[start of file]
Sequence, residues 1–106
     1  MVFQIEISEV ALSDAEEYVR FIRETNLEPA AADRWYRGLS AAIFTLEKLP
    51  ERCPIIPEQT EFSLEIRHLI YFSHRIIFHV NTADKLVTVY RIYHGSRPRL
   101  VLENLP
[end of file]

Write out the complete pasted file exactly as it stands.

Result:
Sequence, residues 1–106
     1  MVFQIEISEV ALSDAEEYVR FIRETNLEPA AADRWYRGLS AAIFTLEKLP
    51  ERCPIIPEQT EFSLEIRHLI YFSHRIIFHV NTADKLVTVY RIYHGSRPRL
   101  VLENLP